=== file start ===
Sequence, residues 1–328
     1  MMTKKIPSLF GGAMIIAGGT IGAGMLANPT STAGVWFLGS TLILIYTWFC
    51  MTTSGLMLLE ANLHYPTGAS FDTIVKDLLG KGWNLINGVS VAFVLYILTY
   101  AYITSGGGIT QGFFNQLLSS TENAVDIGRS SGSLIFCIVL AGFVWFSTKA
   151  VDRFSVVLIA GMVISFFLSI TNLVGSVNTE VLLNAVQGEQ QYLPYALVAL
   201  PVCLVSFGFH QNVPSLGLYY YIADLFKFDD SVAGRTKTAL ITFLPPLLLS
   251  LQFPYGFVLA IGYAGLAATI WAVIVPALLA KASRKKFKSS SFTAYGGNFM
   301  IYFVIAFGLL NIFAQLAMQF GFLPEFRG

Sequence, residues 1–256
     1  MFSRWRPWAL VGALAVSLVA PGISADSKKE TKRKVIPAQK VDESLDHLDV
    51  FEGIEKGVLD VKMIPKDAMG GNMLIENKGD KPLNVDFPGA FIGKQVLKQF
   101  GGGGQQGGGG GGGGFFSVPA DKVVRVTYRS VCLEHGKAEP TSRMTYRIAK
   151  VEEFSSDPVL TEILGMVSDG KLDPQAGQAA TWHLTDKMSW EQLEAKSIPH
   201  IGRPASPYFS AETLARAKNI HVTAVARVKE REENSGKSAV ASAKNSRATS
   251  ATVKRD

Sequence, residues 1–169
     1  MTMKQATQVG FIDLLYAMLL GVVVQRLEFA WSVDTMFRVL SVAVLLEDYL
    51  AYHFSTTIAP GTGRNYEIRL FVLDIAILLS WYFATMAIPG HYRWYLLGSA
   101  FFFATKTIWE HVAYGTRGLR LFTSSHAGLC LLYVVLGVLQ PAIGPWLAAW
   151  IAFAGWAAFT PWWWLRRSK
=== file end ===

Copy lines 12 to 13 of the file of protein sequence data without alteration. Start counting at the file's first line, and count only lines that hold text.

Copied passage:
   101  GGGGQQGGGG GGGGFFSVPA DKVVRVTYRS VCLEHGKAEP TSRMTYRIAK
   151  VEEFSSDPVL TEILGMVSDG KLDPQAGQAA TWHLTDKMSW EQLEAKSIPH